Anesth Prog 37:144-146 1990

Issues Bridging Basic Science and Clinical Science William Maixner,

DDS, PhD,* and Glen Clark, DDS, PhDt *University of North Carolina, Chapel Hill, North Carolina; tUniversity of Califomia, Los Angeles

The differential diagnosis of chronic orofacial pain is an inherently difficult task. The reasons are multifaceted. They relate to deficiencies in current terminology, in diagnostic evaluation procedures, and in definitions of chronic orofacial pain. It should, additionally, be recognized that the pathophysiology and clinical expression of chronic pain and acute pain differ significantly. Work presented at this workshop and elsewhere has shown that both the central and peripheral nervous system exhibit considerable plasticity in response to injury. Many of these changes are dynamic and alter the way sensory information is processed and modulated, such that strict relationships between tissue pathology and sensory experience may no longer exist.

enhance our ability to classify cases and render a differential diagnosis. Development of a biopsychosocial approach with reliable measures will both contribute to diagnostic capabilities and extend the range of testable hypotheses addressing the etiology and pathophysiology of various orofacial sensory-motor disorders producing chronic pain. An important challenge to researchers attempting to bridge the gap between the basic sciences and clinical practice is to identify valid physiological, psychological, behavioral, and sociological measures or indices of chronic orofacial pain. Though it is clear that chronic orofacial pain produces physiological and behavioral changes, the significance of these changes from a diagnostic, pathophysiologic, or treatment outcome viewpoint has not been systematically evaluated. The identification of valid measures of chronic pain in the biomedical, psychophysical, and psychosociological domains is a critical area requiring greater research emphasis. Investigators should be specifically encouraged to identify indices of variables influencing the development and maintenance of chronic orofacial pain. Objective and subjective measures obtained through a history and physical examination are necessary to render a differential diagnosis. In general, the group concurred that the traditional physical examination requires modification to assess such issues as pain intensity, duration, and location as well as a description of the quality of the pain. The development of a valid and reliable short questionnaire which assesses these multiple dimensions of pain experience is encouraged.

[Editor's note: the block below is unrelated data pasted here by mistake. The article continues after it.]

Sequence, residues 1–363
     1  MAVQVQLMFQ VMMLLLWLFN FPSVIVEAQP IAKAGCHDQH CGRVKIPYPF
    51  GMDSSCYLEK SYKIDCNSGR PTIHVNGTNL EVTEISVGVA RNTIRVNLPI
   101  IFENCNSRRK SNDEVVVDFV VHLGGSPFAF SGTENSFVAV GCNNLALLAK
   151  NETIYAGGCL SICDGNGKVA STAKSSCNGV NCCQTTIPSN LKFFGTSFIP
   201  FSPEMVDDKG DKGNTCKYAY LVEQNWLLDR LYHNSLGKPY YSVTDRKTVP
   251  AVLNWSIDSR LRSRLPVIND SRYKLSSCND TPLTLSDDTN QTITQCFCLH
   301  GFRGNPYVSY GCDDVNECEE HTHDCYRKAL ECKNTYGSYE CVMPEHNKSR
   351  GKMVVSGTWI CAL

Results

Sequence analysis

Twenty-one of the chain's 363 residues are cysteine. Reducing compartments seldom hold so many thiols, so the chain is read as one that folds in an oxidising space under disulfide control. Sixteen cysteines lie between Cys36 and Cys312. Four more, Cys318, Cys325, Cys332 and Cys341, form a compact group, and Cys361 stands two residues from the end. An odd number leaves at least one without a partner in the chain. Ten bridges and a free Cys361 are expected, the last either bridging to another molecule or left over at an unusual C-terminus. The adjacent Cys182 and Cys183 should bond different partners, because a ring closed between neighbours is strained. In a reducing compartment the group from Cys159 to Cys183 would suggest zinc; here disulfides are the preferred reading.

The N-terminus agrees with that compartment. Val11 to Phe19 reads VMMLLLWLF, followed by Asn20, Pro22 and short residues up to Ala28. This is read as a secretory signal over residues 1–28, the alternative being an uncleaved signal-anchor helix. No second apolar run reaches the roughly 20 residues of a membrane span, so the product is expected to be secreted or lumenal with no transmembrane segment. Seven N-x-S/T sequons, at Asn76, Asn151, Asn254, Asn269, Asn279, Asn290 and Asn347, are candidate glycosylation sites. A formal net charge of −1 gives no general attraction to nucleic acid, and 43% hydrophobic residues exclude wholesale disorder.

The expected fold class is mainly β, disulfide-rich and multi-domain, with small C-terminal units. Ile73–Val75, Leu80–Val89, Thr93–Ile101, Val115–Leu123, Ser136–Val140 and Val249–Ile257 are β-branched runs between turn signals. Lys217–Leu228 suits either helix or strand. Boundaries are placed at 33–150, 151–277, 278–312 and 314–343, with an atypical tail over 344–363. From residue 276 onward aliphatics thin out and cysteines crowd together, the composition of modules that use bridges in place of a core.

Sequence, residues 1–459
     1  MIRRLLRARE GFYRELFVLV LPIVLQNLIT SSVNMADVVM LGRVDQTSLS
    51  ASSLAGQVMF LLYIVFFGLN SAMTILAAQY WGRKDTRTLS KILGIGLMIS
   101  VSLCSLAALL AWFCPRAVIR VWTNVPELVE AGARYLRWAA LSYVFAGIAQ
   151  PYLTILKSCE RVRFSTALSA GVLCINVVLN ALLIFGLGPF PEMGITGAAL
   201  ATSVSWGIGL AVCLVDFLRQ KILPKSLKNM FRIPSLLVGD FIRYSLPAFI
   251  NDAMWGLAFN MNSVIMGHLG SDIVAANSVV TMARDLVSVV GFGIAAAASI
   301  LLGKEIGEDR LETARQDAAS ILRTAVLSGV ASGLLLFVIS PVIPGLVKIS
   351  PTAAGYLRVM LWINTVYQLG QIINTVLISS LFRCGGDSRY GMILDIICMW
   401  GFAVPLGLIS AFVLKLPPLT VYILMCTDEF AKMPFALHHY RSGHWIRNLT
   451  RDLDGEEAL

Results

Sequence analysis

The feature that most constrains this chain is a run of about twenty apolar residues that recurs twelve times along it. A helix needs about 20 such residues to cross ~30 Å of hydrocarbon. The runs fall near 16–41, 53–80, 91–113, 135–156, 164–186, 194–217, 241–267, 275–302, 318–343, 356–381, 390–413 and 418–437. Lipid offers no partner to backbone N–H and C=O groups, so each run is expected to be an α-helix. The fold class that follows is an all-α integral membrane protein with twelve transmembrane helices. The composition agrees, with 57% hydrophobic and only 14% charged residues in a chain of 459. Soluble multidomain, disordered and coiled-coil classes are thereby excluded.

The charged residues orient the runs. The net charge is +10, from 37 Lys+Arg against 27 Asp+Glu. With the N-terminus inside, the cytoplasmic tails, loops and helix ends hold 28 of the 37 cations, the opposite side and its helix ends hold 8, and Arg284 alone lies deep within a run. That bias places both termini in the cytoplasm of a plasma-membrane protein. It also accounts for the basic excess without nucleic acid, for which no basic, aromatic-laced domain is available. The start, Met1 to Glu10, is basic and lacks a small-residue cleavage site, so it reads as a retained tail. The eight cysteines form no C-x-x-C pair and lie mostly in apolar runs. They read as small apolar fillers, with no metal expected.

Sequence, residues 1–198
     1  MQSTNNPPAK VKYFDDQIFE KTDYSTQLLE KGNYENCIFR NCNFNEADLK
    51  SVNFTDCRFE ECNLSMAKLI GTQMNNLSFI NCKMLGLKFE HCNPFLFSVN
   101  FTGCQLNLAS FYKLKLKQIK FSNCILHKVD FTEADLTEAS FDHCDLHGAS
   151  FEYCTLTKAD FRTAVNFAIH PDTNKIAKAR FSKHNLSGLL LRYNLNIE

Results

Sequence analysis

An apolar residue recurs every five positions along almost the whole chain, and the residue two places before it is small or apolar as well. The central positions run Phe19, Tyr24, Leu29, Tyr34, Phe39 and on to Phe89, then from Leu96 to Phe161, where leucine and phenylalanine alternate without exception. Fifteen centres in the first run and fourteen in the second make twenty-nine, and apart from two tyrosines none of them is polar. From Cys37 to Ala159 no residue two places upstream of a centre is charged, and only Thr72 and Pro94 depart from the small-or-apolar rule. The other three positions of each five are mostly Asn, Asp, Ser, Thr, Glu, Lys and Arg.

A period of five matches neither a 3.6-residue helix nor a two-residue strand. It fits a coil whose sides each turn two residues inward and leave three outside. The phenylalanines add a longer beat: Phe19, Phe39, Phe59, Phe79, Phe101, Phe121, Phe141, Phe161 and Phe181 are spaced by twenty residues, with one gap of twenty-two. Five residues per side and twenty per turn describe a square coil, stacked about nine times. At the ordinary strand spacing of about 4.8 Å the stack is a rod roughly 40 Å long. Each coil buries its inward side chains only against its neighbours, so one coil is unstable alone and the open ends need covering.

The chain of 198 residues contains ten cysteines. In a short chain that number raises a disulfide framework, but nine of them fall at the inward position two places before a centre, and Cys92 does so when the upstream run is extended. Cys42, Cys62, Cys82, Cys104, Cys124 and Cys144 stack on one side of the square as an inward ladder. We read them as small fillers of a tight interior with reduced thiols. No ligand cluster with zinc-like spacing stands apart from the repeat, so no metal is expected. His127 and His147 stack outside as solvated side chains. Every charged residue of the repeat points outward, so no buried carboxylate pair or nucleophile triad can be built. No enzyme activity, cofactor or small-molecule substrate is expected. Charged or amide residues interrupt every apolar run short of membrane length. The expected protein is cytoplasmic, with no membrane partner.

BIOPSYCHOSOCIAL APPROACH Recognizing that chronic orofacial pain results from a complex interaction of anatomical, physiological, psychological, and sociological variables, the group agreed that differential diagnosis of chronic orofacial pain requires a systematic and comprehensive assessment of specific physical, psychological, and sociological factors. The biomedical approach, which includes a thorough history, physical examination, and diagnostic work-up, remains an essential feature of differential diagnosis. The frequent lack of correlation between peripheral pathology and pain, however, indicates that the biomedical model alone is not sufficient to provide for case definition or diagnosis in chronic pain conditions. We recommended that differential diagnosis of chronic orofacial pain use information not only from the traditional biomedical model, but also from a broader approach, recognizing the contributions of psychophysiological, behavioral, and psychosocial factors to the underlying pathophysiologies of orofacial pain. The inclusion of reliable and validated measures of these dimensions should